Episode 271: Lasagna, Garlicky Bok Choy, and Edible Communities

In food news, a friendly reminder to wash your avocados.

In our What’s for Dinner segment, we extol the virtues of a lasagna recipe that mixes tofu and cheese.

In How’d You Make That, we’ve got garlicky seared baby bok choy.

Joy’s got a new role with Edible Communities, and she’d love you to check out the cookbook club and podcast she’s doing over there.

And in What We’re Loving, Marisa is seriously into her kefir right about now.

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7 thoughts on “Episode 271: Lasagna, Garlicky Bok Choy, and Edible Communities”

  1. Maybe this will give you a giggle. After listening to episode 271, I googled Edible Pot Luck and landed in world full of Cannabis cooking & Marijuana!

  2. Another great episode, thanks for the shout out. Joy, have already checked out the new podcast, sounds great, looking forward to adding Edible Potluck to my podcast line up.

  3. Wonderful episode, as always! You inspired me to cook some garlicky seared asparagus instead of bok choy, and it was delicious. Thanks for the idea.

  4. I love Bok Choy and can’t wait to try your recipe.
    This podcast is fantastic. I just discovered it recently and wish I have been listening for years. Thanks Joy and Marisa!

  5. Hi. I love listening to your podcast – been following Marisa on Food in Jars for many years. However, I heard Joy make an incorrect statement and I thought that, with your national audience, you might want to correct it.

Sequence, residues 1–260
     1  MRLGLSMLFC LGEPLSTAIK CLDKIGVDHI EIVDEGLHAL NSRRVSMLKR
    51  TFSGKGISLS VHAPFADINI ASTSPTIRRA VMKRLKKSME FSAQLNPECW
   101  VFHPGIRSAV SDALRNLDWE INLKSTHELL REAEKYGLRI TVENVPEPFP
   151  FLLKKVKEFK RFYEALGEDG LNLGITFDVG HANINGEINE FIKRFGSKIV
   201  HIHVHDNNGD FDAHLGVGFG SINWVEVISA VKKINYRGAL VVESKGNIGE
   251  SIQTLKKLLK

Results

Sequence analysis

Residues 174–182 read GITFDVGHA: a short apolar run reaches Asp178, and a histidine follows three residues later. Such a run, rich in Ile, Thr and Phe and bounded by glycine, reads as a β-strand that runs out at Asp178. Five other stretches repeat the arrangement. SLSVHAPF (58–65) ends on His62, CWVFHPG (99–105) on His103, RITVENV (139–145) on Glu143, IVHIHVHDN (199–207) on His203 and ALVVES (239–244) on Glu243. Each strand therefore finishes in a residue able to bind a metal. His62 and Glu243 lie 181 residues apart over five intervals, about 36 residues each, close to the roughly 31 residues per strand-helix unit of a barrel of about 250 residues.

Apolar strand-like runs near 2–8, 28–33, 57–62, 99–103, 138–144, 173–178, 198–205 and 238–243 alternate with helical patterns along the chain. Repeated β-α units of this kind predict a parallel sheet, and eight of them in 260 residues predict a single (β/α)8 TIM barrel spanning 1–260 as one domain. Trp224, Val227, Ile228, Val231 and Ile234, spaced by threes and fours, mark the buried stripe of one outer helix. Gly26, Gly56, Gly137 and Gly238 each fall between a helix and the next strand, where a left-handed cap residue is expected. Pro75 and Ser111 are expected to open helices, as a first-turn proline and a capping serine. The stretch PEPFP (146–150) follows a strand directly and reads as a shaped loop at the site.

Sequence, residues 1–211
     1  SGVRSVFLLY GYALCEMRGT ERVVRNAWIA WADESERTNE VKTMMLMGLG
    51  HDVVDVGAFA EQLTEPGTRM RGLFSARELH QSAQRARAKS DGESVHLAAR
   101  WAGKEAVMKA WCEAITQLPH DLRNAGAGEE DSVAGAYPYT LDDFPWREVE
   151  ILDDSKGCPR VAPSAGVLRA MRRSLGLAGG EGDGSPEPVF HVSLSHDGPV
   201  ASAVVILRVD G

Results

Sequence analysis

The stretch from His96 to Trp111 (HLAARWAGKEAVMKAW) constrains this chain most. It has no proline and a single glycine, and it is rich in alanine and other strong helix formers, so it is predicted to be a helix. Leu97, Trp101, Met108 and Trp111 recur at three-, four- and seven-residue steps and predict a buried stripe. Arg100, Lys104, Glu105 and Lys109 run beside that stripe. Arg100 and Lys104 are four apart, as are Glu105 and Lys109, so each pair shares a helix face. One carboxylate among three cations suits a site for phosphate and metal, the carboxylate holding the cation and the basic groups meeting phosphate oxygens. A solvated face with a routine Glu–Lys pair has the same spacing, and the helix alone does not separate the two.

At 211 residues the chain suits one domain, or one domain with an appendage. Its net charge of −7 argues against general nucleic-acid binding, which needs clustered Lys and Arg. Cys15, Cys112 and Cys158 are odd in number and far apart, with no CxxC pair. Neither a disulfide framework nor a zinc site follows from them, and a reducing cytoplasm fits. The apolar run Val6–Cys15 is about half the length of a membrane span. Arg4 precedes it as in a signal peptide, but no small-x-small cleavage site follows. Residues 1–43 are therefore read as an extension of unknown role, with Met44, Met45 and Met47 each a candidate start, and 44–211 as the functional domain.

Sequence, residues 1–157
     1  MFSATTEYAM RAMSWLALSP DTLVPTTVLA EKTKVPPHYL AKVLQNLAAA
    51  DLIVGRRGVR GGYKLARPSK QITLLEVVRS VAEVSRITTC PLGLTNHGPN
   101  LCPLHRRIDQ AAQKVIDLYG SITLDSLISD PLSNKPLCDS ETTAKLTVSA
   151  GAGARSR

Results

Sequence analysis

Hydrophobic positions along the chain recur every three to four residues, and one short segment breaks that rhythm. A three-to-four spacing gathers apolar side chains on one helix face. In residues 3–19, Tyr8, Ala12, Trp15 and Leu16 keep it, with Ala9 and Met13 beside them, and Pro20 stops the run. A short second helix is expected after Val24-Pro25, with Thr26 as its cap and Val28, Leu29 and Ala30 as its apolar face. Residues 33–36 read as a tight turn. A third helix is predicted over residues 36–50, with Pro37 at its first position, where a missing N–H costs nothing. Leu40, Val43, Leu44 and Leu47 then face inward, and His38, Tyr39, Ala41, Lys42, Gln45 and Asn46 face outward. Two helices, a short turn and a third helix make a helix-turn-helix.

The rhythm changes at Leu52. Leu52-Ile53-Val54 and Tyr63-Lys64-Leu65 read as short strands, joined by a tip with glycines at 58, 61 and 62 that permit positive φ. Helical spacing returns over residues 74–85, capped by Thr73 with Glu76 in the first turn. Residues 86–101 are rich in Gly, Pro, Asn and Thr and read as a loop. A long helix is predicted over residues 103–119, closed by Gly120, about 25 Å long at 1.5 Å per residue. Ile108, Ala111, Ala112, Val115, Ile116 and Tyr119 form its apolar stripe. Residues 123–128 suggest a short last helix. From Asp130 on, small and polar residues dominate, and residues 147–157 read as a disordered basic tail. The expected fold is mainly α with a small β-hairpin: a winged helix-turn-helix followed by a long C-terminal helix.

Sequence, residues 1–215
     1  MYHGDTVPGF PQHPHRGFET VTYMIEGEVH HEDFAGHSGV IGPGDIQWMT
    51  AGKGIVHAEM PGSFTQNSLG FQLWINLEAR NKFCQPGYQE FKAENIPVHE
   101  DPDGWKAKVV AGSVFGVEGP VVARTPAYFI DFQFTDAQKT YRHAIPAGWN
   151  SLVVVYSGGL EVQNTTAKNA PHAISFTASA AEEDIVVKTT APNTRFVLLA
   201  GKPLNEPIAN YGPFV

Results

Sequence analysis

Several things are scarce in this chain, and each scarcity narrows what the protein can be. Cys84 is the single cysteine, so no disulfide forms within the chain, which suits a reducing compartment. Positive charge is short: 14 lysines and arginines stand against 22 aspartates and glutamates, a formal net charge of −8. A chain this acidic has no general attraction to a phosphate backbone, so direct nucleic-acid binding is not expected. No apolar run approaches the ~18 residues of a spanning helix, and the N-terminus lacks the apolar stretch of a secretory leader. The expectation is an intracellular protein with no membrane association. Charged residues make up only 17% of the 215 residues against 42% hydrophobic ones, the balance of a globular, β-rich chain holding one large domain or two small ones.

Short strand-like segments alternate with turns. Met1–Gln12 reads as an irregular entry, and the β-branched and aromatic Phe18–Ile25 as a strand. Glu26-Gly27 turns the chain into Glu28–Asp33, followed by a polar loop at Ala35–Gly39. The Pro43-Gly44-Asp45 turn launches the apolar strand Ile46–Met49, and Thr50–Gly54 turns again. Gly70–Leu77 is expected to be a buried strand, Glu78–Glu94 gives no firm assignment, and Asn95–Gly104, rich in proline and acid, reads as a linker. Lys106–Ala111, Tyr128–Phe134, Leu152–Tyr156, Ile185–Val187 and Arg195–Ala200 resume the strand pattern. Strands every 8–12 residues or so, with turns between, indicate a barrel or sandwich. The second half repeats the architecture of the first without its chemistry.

While talking about Listeria on avocados, Joy said she didn’t think she needed to wash organic foods because they’re not sprayed. This is a common misconception, but in fact, organic fruits and vegetables are sprayed with pesticides. You can find more information about it on the page linked below. Here’s an excerpt:

    “Myth #3: Organic farming doesn’t use pesticides, and there are less pesticide residues on organic foods.

    Truth: Organic farming utilizes pesticides, and there are similar amounts of pesticide residues on organic foods. Organic farming uses mostly “natural” pesticides as well as some approved synthetic pesticides, but whether a chemical is natural or synthetic tells you precisely nothing about its safety. So, just because a chemical is naturally occurring doesn’t necessarily make it more safe than a man made chemical.”


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